A specialist anti-terror team in the UK has warned more needs to be done to tackle online extremism despite more than 300,000 videos, web pages and posts being removed after they were flagged up to internet firms.
Figures released today show the national police unit reached the milestone in recent weeks, although the rate of removals prompted by its work has slowed as firms step up their own efforts.
The Counter Terrorism Internet Referral Unit (CTIRU) works with hundreds of organisations to remove content including propaganda and recruitment videos, images of executions and speeches calling for racial or religious violence.
The statistics show that, as of last month, 299,121 pieces of material had been cleared at the instigation of the unit since its launch in 2010. Officers confirmed that the number of removals has since passed the 300,000 mark.
Detective Chief Superintendent Clarke Jarrett, of the Metropolitan Police’s counter-terrorism command, said: “The 300,000 milestone is positive. It’s 300,000 pieces of material not there to radicalise people. That 300,000 isn’t a representation of what’s out there. There’s still plenty of content out there.”
From the start of January to the end of August this year, 43,151 pieces of content were removed at the request of the CTIRU. This was down by nearly half on the tally of 83,784 recorded in the equivalent period of 2016.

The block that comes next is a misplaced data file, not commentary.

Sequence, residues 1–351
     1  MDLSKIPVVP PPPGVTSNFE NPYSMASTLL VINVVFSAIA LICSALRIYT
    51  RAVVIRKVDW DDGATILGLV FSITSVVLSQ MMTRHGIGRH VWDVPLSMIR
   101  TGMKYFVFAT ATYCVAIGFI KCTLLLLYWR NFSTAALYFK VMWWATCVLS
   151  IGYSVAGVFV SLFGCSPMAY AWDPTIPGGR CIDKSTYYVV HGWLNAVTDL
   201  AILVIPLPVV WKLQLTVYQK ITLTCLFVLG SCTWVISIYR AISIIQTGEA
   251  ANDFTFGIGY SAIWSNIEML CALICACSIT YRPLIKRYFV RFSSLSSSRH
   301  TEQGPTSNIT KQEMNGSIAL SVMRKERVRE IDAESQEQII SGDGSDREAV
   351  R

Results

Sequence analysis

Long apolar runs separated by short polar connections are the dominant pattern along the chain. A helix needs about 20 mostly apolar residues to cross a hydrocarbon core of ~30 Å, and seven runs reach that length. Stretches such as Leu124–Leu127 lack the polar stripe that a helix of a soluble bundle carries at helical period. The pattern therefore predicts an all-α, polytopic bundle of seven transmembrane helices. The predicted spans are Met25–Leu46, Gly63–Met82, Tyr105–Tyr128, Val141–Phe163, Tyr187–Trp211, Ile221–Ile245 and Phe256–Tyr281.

Det Chief Supt Jarrett acknowledged that removals instigated by the CTIRU have slowed, but said: “I think that’s a success story because we’ve now got the industry into a place where they are doing more.”
Officers in the unit trawl the web looking for material as well as investigating referrals from the public. After carrying out assessments, they contact internet providers to request the removal of harmful items.
More than 300 firms have taken down material following requests from the CTIRU. The bulk of the unit’s activity deals with Islamist-related content, but it is referring more far-right material.
The CTIRU was the first unit of its type in the world and UK police are keen for other countries to consider adopting the model.
In recent months, companies have detailed steps they are taking to tackle terrorist content. From January to June, Twitter removed just under 300,000 accounts for terror-related violations. YouTube has introduced “machine learning” to help identify extremist and terror-related material.
Facebook has revealed it is using artificial intelligence to keep terrorist content off the site.
The head of MI5 has said technology companies have an “ethical responsibility” to help confront the unprecedented threat, while Britain and France are exploring plans that could see platforms face fines if their efforts are not up to scratch.